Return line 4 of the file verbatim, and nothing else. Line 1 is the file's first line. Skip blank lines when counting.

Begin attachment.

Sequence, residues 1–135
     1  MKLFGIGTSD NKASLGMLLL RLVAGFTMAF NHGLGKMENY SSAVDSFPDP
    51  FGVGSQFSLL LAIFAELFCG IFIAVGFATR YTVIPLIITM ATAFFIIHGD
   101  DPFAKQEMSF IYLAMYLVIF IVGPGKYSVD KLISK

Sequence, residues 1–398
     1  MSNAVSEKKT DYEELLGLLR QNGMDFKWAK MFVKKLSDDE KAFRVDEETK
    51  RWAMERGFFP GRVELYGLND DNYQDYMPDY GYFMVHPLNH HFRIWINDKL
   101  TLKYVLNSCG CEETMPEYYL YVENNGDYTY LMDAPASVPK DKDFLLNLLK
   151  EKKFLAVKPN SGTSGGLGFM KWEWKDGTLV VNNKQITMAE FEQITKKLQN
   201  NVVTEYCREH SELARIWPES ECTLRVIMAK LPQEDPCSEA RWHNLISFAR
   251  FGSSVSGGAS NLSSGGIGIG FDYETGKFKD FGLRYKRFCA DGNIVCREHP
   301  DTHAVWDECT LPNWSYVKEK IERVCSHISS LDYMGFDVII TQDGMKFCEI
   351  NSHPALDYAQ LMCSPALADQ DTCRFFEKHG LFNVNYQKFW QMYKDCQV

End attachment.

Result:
   101  DPFAKQEMSF IYLAMYLVIF IVGPGKYSVD KLISK